Many of our students in Seidenberg enjoy participating in Hackathons, either for learning, the fun of competition, or a range of prizes. Just recently, Seidenberg students Sal Torcivia, Daniel Rings, and Zahid Mahir participated in ‘Hack Upon a Cause,’ a hackathon powered by XO Group, Inc., to develop apps for charities. The three, on two separate teams, placed first in their two different categories.
Sal Torcivia, pictured right, is a junior Computer Science major and ‘Hack Upon a Cause’ was his second hackathon. He mentioned that this was his first time working with strangers, whom he paired up with at the event. Not knowing the people on his team beforehand was an obstacle at first, as they all took time figuring out how they worked best together, but in the end Sal says he enjoyed getting to know other developers.
The hackathons are most often competitive and can last overnight if not longer. ‘Hack Upon a Cause’ was a 24 hour event geared towards creating apps, programs, or websites for four different charities; each charity had multiple teams and would produce separate winners. Sal’s team worked on the website for ‘Wish Upon a Wedding,’ an organization that helps provide weddings or vow renewals for the terminally ill. Sal paired his skills as an experienced WordPress developer with the skills of his other team mates to create a code ad hoc for the charity.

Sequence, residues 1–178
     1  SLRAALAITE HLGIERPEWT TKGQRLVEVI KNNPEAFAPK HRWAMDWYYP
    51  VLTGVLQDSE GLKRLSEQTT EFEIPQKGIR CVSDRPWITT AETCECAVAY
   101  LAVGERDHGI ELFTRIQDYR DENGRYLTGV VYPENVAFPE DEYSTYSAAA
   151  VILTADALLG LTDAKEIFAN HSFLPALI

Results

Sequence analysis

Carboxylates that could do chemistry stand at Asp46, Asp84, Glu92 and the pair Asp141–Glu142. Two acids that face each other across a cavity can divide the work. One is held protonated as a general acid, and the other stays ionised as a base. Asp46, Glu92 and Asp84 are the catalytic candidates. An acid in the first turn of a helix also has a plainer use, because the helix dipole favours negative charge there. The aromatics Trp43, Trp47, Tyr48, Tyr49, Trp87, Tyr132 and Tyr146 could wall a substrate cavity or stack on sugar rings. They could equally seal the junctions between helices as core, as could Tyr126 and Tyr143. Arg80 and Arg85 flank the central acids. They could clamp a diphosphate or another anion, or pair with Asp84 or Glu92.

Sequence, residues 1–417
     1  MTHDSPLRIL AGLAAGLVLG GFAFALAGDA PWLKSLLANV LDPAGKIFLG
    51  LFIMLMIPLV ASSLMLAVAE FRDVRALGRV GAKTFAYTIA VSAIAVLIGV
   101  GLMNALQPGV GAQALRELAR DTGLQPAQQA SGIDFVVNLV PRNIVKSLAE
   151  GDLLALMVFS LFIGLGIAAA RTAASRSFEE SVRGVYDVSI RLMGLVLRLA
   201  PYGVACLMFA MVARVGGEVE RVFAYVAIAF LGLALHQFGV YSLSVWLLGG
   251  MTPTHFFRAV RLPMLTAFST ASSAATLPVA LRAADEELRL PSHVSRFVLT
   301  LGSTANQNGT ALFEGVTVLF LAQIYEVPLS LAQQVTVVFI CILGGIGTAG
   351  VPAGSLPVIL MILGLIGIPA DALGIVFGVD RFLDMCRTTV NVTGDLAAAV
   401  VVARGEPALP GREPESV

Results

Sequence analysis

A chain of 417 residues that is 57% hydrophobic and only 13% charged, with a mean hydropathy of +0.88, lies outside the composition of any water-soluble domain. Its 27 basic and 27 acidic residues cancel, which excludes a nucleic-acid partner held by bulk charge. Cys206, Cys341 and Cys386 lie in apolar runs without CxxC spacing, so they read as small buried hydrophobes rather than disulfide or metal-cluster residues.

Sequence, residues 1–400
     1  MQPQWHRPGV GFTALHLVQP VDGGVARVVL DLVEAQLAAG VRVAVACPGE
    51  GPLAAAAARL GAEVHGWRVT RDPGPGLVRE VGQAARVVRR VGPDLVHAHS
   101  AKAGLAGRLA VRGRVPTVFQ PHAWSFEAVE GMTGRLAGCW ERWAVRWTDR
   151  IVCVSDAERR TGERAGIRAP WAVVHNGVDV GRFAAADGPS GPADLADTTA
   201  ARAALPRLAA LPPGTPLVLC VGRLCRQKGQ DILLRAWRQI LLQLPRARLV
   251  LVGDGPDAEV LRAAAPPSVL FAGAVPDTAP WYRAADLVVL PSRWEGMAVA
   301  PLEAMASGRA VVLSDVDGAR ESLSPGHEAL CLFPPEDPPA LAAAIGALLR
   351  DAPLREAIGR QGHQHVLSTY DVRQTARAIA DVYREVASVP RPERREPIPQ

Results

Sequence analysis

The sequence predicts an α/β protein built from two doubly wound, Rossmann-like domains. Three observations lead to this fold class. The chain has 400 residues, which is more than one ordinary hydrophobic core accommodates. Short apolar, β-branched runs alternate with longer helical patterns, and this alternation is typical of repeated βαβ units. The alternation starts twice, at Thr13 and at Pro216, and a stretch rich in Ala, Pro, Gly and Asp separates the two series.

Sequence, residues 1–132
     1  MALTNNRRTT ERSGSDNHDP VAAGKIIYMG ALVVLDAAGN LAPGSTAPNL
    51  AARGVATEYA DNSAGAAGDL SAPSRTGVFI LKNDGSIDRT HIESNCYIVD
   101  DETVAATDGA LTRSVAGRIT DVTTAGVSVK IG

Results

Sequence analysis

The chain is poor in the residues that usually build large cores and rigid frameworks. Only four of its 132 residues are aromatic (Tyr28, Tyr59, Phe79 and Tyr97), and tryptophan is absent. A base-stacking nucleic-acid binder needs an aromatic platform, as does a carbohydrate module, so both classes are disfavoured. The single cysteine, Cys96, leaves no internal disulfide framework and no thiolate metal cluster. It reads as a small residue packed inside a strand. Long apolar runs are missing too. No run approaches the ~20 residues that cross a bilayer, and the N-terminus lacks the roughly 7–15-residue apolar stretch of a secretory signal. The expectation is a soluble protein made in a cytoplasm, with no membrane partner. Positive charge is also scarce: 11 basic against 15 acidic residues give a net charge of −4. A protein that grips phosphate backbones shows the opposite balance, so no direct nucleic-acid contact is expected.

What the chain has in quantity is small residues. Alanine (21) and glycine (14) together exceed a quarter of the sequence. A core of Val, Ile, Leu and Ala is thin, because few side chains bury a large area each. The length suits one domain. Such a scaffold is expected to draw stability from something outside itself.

From the other team, Daniel Rings, a senior Computer Science major, spoke of the success he shared with his team mate, Zahid Mahir. The two worked on an app for ‘DayOne,’ an organization that works towards ending abuse in relationships. Daniel worked on the front end and Zahid on back end; the two came as a prepared team, ready to divvy up their work in respect to their fortes. ‘Hack Upon a Cause’ was Daniel’s sixth hackathon. He heard about it through Professor Scharff, who introduced him to the world of hackathon-ing in the first place. Daniel mentions the biggest benefit of competing in hackathons: learning a lot in a concentrated amount of time. All participants leave with new knowledge and a sharper skill set in whatever is what they worked in.
Many of the hackathons around NYC can be found by searching ‘hackathon’ on Eventbrite, or checking in with AlleyNYC. These hackathons are mostly free and occasionally have an entrance fee, but placing well in a competitive hackathon would be worth a small entry fee.